Big Powderhorn Mountain Resort
When I was growing up, my family had a vacation home near Big Powderhorn Mountain Resort in Bessemer, Michigan. I spent countless hours there on the slopes. When you’re on top of the mountain, the views are so expansive — trees and rolling hills as far as the eye can see. Many of the runs are long and winding and gentle, perfect for a mid-level skier like me, but there are many challenging runs as well (which, at my age, I wisely avoid.)
A few years ago, Steve and I and Ben took our exchange student from Columbia, Rafael, to Powderhorn so he could learn how to ski (he did amazingly well), and while there, Steve and I, neither of whom had skied for about 20 years, decided to rent equipment and give it a go. We had a complete blast and have been skiing every winter since then.
So last year, when my parents called me with the news that Powderhorn’s lodge, an old, wooden structure built in the early 1960s, had started on fire and was burning to the ground, my heart sank along with it. I fretted that the resort would close for good, wondering if they could afford to rebuild. But at that time, I didn’t know Bruce Noren, Powderhorn’s general manager who, along with two other investors, is also the resort’s relatively new owner. Not only did Powderhorn not close for good, it didn’t close for even one day, not even when the main lodge was burning to the ground, not even with a mountain full of skiers.
“We reopened the next day at 9 a.m. as usual,” says Noren. “Our staff did a great job.”
Noren explains that, as the fire was blazing, the staff hurriedly gathered up their important items, including computers, files, and other things they needed to run the resort, and moved their base of operations to the Caribou Lodge, a building adjacent to the main lodge.
As fire trucks from all around the region were responding to the blaze, Noren’s staff was setting up their snowmaking machines to help with the effort.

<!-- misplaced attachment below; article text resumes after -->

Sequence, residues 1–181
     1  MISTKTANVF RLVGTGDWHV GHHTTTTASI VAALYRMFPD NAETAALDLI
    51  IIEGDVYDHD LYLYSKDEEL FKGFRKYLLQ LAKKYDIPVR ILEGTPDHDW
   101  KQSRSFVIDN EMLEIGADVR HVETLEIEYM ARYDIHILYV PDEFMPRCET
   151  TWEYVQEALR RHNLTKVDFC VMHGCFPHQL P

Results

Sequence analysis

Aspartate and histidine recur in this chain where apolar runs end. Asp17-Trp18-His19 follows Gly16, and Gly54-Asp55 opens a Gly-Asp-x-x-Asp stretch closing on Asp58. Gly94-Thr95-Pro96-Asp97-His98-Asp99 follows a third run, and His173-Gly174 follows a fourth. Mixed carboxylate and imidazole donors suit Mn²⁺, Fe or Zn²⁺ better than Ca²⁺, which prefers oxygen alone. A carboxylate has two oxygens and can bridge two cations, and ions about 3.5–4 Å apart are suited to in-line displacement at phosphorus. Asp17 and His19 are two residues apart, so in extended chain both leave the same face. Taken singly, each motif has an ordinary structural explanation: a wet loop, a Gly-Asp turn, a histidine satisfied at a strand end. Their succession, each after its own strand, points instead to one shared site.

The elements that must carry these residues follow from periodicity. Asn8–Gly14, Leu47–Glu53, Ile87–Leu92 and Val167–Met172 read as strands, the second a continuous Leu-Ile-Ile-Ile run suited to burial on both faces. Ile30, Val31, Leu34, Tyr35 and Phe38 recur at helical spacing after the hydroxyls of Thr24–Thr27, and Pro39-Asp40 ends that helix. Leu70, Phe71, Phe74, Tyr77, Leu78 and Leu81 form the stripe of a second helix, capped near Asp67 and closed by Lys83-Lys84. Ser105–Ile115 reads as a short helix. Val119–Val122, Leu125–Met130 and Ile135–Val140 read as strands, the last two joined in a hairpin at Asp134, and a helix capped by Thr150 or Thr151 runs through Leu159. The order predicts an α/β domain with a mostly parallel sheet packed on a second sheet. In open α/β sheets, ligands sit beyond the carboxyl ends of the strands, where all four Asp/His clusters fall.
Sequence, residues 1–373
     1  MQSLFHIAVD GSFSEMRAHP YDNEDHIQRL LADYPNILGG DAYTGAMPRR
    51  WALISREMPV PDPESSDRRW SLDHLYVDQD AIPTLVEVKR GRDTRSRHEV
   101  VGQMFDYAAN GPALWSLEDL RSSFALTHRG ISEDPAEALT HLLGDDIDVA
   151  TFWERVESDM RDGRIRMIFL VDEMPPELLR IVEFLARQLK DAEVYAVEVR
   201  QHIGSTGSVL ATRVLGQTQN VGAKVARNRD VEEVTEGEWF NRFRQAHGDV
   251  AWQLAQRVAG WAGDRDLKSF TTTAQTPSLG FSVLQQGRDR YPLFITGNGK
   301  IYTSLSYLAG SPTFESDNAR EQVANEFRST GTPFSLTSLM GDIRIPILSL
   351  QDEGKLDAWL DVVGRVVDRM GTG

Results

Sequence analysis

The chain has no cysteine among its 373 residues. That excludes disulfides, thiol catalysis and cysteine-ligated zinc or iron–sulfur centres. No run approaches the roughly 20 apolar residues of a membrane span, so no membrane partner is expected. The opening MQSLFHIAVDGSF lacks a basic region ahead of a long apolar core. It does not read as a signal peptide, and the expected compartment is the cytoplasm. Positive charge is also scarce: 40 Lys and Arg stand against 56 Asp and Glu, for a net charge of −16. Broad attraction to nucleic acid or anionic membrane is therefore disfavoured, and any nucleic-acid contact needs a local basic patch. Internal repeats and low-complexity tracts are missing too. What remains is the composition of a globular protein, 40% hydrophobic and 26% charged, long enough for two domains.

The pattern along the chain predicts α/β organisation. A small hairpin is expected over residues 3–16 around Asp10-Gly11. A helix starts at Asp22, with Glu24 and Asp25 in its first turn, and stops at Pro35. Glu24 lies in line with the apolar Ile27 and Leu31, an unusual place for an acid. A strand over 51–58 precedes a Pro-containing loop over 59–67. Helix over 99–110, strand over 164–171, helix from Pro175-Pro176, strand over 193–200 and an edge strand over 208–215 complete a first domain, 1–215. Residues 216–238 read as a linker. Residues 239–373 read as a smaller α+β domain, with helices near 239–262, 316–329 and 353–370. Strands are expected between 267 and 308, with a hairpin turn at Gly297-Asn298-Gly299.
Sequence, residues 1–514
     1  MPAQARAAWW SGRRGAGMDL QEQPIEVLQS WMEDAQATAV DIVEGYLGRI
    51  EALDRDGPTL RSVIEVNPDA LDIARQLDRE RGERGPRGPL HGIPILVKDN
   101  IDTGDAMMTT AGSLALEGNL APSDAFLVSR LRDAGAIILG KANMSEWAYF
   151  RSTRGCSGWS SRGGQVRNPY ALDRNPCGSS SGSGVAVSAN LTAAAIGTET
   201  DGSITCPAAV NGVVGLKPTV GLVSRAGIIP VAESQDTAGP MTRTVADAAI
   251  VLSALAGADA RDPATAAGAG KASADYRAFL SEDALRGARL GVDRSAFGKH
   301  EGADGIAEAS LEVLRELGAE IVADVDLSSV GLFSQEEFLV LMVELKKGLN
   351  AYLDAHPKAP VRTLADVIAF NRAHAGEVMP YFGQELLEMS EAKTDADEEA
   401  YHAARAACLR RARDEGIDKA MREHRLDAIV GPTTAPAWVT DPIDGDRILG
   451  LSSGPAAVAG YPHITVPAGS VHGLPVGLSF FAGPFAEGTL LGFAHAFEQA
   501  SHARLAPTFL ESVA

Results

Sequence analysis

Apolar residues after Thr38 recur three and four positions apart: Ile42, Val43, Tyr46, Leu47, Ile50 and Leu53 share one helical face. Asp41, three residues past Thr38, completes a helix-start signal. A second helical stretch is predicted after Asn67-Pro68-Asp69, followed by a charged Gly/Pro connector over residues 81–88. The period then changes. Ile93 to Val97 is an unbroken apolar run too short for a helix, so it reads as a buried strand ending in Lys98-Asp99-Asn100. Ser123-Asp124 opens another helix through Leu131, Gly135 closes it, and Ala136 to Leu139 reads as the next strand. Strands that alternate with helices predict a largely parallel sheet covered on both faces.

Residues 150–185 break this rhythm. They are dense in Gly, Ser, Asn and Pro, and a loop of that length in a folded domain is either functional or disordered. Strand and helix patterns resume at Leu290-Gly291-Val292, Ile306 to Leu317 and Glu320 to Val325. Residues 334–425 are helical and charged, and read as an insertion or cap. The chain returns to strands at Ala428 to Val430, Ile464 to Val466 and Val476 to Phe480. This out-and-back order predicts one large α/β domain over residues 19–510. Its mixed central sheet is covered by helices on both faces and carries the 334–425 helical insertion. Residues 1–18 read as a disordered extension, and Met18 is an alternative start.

Noren says he wasn’t concerned about the Caribou Lodge and other nearby buildings catching fire, but the cars in the main lodge’s parking lot were another matter.
One of the only casualties? Noren’s own car.
“I had parked right up next to the building that day,” he says with a laugh.
Over the next few days as the lodge continued to smolder, other ski resorts in the area, and even some as far away as New York offered the use of rental equipment, lift tickets, and anything else they might need to keep Powderhorn in business. And the resort didn’t miss a beat. Noren and his partners and staff kept serving skiers, while turning their focus toward the future.
Now, one year later, Powderhorn has a gorgeous new lodge called the Gun Barrel. It includes a cafeteria, plenty of seating for skiers wanting a break from the slopes, and a third-floor grill and bar, The Hideout, which has a dramatic view of the hill. This, in addition to the Caribou Lodge’s fun bar and grill, and the Alpen Inn, which is located on the other side of the mountain.
Spring skiing is excellent in the U.P., offering bright sunshine, warm temperatures and great snow conditions. If you don’t have skis, don’t worry. Powderhorn has plenty of rentals. If you’ve never skied, their professionals will have you on your feet in no time. And if you’re like me and getting back into it after several years, the Bunny Hill is right next to the lodge. Why not give it a try?
Big Powderhorn Mountain Resort
Bessemer, Michigan (about 2 hours away from Duluth~Superior)